A visit to the Gomti river redevelopment project is a sobering experience if you are a votary of such projects. Forget aesthetics, the damage to the river environment itself should be strong grounds to consider such projects very carefully.
The Gomti river, in many ways the lifeline for the city of Lucknow, is today in deep coma, thanks to the many operations done on it in the name of riverfront. If it wasn’t insulting enough that a CBI enquiry is currently pursuing reports of corruption and worse, the ‘development’ is also being ticketed for access, effective Jan 16, at Rs 10 per head. That tenner spent to get close to the river, should really make every visitor think about the whole riverfront redevelopment shenanigans.
Riverfront development has always been a touchy topic for environmentalists who rightly blame the concretisation it involves as a huge hit on river ecology. Binding the river within these concrete embankments also makes available areas for land development on what used to be floodplains, making the purpose of the whole exercise suspect to many people.
While the Sabarmati riverfront development in Ahmedabad is the most prominent example for us in India,even this involved diverting water from the Narmada canal into the Sabarmati to revive it. Widely showcased as a role model for other ‘city’ rivers , along with completely different cases like the Singapore river in Singapore, the Thames in London, the Siene in Paris, or even the Han river development in Seoul. Multiple efforts have been made since the Sabarmati ‘experiment’ to redevelop rivers in India. The Gomti, for want of a better word, is a victim of this trend.
Quite simply, based on our discussions with locals and affected people, the Gomti project never married the engineering and ecological aspects of development, unlike say the Thames restoration. Thus, a platform for water sports was created brainlessly, with no clear plans on viability and sustainance.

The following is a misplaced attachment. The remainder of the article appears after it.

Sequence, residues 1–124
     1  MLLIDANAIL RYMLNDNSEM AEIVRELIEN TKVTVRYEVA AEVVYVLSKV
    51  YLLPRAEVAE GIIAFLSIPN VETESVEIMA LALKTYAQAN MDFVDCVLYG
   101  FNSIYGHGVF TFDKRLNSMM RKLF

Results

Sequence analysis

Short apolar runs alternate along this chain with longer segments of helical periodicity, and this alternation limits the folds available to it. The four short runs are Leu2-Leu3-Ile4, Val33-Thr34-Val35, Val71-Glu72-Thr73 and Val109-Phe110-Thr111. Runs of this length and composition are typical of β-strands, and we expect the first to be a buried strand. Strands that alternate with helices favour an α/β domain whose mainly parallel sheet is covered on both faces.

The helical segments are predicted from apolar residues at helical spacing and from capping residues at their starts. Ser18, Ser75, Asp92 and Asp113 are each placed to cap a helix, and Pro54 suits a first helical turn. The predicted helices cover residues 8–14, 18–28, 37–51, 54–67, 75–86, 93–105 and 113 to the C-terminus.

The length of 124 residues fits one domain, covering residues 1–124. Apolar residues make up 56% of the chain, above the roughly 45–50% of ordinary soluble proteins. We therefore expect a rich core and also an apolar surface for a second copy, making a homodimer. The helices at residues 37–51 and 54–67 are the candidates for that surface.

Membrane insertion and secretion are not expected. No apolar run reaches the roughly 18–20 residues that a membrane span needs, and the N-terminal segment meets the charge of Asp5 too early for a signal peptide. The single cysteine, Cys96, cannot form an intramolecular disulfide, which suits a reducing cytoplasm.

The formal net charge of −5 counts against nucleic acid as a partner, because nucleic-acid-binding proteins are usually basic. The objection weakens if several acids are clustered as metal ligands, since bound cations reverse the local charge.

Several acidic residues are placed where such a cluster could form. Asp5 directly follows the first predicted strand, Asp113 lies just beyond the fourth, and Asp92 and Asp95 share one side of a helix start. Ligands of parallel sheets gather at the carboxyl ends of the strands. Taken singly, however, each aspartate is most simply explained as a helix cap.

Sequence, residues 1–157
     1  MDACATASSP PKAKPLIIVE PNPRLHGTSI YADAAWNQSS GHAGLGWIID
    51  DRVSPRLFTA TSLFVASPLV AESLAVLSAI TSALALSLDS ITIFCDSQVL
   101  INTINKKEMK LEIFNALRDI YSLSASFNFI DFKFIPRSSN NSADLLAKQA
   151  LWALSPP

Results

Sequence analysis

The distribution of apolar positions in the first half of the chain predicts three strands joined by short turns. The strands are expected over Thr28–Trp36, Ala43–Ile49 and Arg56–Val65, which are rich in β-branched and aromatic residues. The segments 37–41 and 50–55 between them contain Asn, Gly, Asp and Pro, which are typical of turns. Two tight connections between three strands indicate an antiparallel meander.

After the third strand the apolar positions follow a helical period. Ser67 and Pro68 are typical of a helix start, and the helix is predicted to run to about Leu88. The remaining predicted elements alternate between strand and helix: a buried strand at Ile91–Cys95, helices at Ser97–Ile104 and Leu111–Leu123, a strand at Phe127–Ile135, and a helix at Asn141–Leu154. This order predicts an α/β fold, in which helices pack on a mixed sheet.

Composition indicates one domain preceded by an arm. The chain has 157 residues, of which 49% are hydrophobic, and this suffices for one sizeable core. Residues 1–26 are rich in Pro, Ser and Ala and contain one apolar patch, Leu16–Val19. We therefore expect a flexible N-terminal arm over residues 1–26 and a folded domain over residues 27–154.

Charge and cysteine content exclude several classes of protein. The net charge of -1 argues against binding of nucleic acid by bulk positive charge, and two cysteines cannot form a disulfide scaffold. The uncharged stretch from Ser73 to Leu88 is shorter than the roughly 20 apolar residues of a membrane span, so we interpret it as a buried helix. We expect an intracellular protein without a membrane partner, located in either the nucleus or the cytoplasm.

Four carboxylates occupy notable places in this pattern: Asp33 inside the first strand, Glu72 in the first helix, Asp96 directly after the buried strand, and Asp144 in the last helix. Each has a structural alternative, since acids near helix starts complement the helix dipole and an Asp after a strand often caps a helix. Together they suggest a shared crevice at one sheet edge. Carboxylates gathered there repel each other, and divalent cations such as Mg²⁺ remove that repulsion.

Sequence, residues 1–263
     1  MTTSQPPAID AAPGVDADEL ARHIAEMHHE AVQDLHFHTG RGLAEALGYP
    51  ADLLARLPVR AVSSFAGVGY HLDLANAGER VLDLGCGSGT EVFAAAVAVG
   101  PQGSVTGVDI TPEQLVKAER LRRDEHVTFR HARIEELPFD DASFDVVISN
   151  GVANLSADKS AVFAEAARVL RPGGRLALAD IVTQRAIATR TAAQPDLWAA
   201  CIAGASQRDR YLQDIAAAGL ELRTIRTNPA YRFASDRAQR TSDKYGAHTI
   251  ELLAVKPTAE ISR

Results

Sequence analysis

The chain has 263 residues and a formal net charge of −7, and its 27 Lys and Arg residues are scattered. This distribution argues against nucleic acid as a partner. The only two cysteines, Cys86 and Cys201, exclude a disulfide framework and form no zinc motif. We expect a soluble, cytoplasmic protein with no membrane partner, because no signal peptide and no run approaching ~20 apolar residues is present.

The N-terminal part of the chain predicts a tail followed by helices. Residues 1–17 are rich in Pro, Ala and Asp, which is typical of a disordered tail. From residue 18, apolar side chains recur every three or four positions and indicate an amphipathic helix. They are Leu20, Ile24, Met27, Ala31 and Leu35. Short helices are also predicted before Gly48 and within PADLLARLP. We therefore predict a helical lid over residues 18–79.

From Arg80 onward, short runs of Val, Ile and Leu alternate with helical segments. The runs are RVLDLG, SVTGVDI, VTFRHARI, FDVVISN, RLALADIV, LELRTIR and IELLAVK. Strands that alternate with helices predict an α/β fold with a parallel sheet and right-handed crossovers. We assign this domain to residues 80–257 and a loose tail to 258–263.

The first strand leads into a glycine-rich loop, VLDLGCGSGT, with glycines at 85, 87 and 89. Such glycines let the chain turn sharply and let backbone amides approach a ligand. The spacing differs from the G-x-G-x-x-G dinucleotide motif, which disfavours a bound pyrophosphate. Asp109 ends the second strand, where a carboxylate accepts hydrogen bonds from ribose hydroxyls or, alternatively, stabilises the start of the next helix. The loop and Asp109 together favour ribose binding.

Water flowing into the river is still polluted,with plans to set up more STP’s, stuck. That meant, even visitors, were not really keen on cavorting in a river with dark, smelly water, or sewage in word.
It seems the development completely completely ignored an IIT Roorkee report . The Lucknow Development Authority (LDA), whose offices are visible from across the main entrance to the riverfront, sat on the report for years before passing the onus of the work to the irrigation department.
The report, among other things, had pushed for a river width not bless than 250 metres, to allow its banks to function normally in supporting its ecology.
The eventual version has the river narrowing to as little as 125 m in parts, to enable land reclamation and ‘development’ of the same.
Today, the river is one sad, slow moving dark stain, testimony to the foul depredations it has had to suffer. A saving grace is possibly the state of the ‘water sports platform’ , reduced to becoming an island of trash and water hyacinth, and the only place where we managed to spot something by way of some fauna, in the form of a snake and a water bird.
Authorities refuse to come on record with a prediction for when things could actually be closer to what was promised. With the stench of corruption on the whole project, one got the feeling that noone was really keen to do anything, including undoing the damage that has been done to the river.
The apathy is probably symptomatic of our attitudes to our critical water sources. In the same city, ever y single water body we saw, especially those in heritage monuments were in a state of neglect , making it very clear that the problem runs deeper, in a lack of respect and understanding for water itself.